One of the features of the present invention include the main retractable arm 230′ that is extended at an angle downward to create a lower center of gravity for the TRIKE™. The third wheel 210′ is supported by the main retractable arm 230′ (described below) which supports the third wheel at a downward slope (moving towards the front of the wheelchair) and includes a rotation pivot 235′ in the arm for steering the wheelchair. The downward slope of the retractable arm 230′ has important advantages. First, the chair has a lower center of gravity while being propelled by the rowing motion, which allows for greater control. Second, the downward slope of the retraction arm 230′ allows the stabilization wheels 297A/B′ to move off of the ground (approximately 2 inches in a first embodiment) while the vehicle is being propelled by the rowing motion, allowing for reduced drag of the stabilization wheels.

The main part of the retraction mechanism 250′ is located in a housing or “diamond tube” 251′ which is housed underneath the riding platform or seat support 401′. The retraction mechanism 250′ allows the main retractable arm 230′ to slide into and out of the retractable housing 251′, when the retraction pin 255′ is removed by the rider. Other features of the retractable arm 230′ and housing 251′ are discussed below.

In the alternate embodiment, the next set of components include the safety and suspension system 300′, which include the braking system 310′ and the suspension systems 320′. The braking system 310′ includes a braking lever 312′, which may be located in several places on the TRIKE™, but is preferably located on the in the center of the TRIKE™, right underneath the seat 405′, which allows the rider to pull the brake lever 312′ with the force of their weight. In the first embodiment the brake shoes 314A′ and 314B′ engage a brake disc(s) 316A′ and 316B′ which are located on the interior of the individual axles 375A′ and 375B′.

Referring now to FIGS. 12A and 12B direct front and rear views of the second embodiment in the extended mode are shown. Other important features of the innovative wheelchair may be seen.

It is important to the second embodiment of the invention that when the retraction arm 230′ is extended and the third wheel 210 is engaged that the support wheels 297A and 297B are off the ground approximately two inches. This can be seen more clearly in FIG. 12B as well as FIG. 12A, discussed below. In general the third wheel 210′ is slightly off center, to allow the propulsion gears to be activated and used in the center of the TRIKE™. Thus, the user's rowing is more efficient that if the third wheel 210′ were located in the center and the propulsion was off center. However, to compensate for the slight off center position of the third wheel, the rear wheels 402A/B can be slight adjusted to compensate for the off-center positioning.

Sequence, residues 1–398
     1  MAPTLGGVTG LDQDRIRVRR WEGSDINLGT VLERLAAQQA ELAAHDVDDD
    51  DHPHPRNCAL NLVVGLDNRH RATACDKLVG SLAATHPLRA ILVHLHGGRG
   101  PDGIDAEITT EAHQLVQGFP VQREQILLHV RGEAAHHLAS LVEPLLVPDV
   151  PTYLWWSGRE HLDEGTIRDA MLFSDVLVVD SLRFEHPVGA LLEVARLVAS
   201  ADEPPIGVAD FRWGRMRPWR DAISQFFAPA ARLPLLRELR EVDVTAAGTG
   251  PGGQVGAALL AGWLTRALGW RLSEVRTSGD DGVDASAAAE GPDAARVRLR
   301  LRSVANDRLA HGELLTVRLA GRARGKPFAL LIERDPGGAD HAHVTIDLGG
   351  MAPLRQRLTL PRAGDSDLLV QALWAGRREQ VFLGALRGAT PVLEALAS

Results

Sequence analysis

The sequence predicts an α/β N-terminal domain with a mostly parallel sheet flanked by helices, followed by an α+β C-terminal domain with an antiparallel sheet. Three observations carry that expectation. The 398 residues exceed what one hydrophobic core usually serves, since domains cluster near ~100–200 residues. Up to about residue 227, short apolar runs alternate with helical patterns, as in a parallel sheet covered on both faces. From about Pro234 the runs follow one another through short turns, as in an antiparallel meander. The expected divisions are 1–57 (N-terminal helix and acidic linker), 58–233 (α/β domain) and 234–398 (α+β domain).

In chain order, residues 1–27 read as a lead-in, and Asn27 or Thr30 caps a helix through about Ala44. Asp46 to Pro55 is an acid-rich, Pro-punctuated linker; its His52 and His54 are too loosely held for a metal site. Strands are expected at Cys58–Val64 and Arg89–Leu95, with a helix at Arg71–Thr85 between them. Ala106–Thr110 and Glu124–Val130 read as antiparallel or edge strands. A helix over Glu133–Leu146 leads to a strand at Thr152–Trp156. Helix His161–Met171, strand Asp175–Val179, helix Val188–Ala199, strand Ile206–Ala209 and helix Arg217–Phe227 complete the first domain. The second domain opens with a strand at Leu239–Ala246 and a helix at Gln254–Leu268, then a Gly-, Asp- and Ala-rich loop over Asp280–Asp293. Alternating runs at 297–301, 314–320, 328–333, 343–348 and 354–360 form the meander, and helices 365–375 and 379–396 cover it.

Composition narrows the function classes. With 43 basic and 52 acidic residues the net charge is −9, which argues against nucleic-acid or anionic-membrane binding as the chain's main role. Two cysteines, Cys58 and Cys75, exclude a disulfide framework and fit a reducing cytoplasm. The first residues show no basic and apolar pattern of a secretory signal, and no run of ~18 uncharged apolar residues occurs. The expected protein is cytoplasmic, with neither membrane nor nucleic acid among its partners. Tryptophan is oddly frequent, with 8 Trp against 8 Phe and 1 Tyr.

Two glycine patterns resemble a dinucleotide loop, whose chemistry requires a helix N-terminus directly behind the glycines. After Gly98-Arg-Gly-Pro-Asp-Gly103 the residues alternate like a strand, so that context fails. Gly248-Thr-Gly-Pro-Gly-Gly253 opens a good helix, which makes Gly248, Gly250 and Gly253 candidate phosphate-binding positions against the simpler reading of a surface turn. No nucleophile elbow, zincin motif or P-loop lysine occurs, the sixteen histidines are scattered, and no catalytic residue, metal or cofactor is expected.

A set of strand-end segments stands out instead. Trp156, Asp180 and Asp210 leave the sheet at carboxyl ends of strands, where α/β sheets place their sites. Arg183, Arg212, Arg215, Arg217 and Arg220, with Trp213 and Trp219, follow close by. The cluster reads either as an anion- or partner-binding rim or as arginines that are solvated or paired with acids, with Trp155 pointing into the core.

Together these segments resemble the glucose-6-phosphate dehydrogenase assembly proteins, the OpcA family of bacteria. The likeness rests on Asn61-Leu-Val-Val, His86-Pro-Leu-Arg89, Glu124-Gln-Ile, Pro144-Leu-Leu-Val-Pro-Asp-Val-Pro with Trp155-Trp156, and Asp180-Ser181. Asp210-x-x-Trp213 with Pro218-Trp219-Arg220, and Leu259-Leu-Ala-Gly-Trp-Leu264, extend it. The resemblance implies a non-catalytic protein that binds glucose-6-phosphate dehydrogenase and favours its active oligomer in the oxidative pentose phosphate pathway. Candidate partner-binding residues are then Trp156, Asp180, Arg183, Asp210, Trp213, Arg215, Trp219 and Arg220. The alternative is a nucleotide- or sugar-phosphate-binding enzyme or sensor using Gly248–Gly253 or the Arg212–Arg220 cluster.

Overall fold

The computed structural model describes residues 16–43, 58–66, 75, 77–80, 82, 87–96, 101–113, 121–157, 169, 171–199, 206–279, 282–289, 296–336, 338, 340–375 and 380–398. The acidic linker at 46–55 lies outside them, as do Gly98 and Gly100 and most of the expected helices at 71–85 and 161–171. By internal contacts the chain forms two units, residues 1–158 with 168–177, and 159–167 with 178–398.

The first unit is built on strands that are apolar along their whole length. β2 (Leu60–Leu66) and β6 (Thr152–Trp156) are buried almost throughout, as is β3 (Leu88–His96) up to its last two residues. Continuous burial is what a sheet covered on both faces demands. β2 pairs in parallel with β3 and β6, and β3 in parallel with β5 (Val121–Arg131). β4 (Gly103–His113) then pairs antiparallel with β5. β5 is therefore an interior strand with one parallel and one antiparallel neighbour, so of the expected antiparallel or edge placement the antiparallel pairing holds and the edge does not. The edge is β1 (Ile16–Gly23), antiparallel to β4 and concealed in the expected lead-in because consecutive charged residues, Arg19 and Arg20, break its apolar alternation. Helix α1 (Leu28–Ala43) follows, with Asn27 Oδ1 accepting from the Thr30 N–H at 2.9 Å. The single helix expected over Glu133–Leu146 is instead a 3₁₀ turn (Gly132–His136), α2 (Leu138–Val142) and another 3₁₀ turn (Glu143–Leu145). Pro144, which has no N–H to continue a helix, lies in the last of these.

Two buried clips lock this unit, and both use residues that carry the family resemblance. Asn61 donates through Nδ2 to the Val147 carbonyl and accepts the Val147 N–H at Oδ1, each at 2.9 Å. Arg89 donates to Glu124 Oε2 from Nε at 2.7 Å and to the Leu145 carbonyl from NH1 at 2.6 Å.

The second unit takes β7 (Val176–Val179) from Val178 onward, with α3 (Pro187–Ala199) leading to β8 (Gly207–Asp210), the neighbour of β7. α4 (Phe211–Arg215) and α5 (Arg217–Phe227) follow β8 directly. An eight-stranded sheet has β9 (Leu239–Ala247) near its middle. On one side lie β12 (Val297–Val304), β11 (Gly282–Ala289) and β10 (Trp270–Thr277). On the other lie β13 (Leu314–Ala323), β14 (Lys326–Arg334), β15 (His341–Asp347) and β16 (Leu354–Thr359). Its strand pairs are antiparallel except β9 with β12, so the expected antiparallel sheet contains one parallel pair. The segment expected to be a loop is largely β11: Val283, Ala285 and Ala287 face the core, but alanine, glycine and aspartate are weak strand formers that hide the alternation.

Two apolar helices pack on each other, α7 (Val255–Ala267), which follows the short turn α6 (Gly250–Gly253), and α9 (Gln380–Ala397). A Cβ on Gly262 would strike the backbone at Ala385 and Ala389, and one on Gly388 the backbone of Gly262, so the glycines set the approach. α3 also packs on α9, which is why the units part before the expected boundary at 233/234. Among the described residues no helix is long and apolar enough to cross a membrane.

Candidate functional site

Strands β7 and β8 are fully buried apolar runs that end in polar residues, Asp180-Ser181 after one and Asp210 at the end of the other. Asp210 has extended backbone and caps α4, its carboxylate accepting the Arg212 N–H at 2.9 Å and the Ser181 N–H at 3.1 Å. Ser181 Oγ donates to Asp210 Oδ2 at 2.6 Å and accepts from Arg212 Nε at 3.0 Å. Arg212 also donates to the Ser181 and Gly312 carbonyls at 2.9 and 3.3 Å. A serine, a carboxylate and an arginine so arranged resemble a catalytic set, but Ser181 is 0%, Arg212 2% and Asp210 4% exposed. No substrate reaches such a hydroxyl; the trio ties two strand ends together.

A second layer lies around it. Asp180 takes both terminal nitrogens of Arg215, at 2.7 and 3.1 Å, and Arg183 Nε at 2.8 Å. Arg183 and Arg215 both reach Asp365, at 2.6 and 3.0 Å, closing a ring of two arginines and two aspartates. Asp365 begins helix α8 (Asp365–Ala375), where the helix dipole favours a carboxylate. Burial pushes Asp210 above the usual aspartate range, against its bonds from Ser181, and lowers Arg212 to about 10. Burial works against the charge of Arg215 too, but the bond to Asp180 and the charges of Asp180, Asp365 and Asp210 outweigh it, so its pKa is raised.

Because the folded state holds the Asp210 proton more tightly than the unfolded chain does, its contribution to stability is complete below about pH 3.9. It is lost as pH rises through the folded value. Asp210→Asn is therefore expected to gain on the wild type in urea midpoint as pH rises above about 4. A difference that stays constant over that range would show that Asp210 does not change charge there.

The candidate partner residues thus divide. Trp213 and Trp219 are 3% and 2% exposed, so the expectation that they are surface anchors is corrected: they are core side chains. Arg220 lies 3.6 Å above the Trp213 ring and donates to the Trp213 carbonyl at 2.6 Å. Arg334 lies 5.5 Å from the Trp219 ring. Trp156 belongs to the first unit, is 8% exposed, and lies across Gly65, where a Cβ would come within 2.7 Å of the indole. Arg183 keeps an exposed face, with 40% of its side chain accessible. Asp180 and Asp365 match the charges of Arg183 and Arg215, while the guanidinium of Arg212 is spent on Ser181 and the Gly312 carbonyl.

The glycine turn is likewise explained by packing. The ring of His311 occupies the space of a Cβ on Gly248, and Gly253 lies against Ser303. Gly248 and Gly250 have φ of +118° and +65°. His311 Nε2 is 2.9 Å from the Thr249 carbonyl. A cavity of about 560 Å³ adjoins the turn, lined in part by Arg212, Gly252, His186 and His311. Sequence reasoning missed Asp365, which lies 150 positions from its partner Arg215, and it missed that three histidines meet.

In the propulsion system 100′ in the second embodiment, the gears are configured such that the front wheel derives power from both a forward and a return stroke of the propulsion arm 110′.

The lever system as engaged by the rowing motion propulsion arm 110′. In considering the propulsion system 100′, the lever (indexes 110′ and 120′) and gears (see indexes, 130′, 140′ and 150′) ratios may vary from embodiment to embodiment depending on the needs of the end-user, however, in a particular embodiment, given an average riders ability to deliver 50lbs force at a rate of 44 cycles/min (1 push/pull=1 cycle)×4 ft of lever travel/cycle=176 ft/min. This equates to 50×176=880/ft-pounds/min. For conversion to kilowatts we must multiply 880 ft-pound/min by 0.0000226 which =0.2 kilowatts. (200 W). Given a constant output from the rider of 200 W applied to the mechanical advantage of the Trike's propulsion mechanism we have the following result:

Mechanical Advantage is defined as MA = L ÷ E where:-
(L) = load output force; (E) = effort or applied force (I1) = handle length
of the lever above the fulcrum(I2) = shorter length of the lever below
the fulcrum
Using the law of levers (I1) ÷ (I2) E × I1 = L × I2
Hence L ÷ E = (I1) ÷ (I2)
Trike Propulsion lever or arms (110) Leverage = 20″ ÷ 4″
20″ (I1) and 4″ (120) (I2)
MA = 5:1
Example:- Applied force (E) = 50 lbs
MA = 5
Output force L = 50 × 5 =
250 lbs

Applying the work rate of 200 W to the alternate Trike propulsion mechanism at a cycle rate of 44/min×the mechanical advantage of 5:1 this yields a constant output sufficient to travel at approx 8 mph (20″ wheel Diameter×π (3.14)=62.8″ circumference×3 for the gear ratio of Large (140) to small sprocket (150)=188″×44 cycles/min=8,290′/min=690 ft/min=7.85 mph or approx 2× walking speed.).

A clutch system includes a clutch (not shown), is located on the handle 113′ and is grip-activated (clutch) or thumb-activated (button) which “pulls” a cable (not shown), located in the interior of the propulsion handle 110′, which pulls or lifts a pin (not shown), located at the bottom on the propulsion handle 110′ which engages the rocker arm 135′ which drives the second or drive lever 120′. The clutch system is also an important safety feature as the rider can choose to engage the clutch when traveling at high speeds to slow the vehicle down with the rowing motion of the propulsion arm 110′.

The drive arm 130′ is connected to the propulsion gear 140′ through a rotating catch 133′. The details of how propulsion gear 140′ may be configured will vary from embodiment depending on the end use requirements of the user. However, in a primary embodiment, the rotating catch' allows the propulsion gear 140′ to generate forward motion when the drive lever 120′ moves in either direction from the “push” and “pull” rowing motion of the user. In other embodiments of the invention, the clutch may engage or disengage the catch (not shown) that drives the propulsion gear, allowing the user a different type of control provided by the rowing motion of the propulsion arm 110′.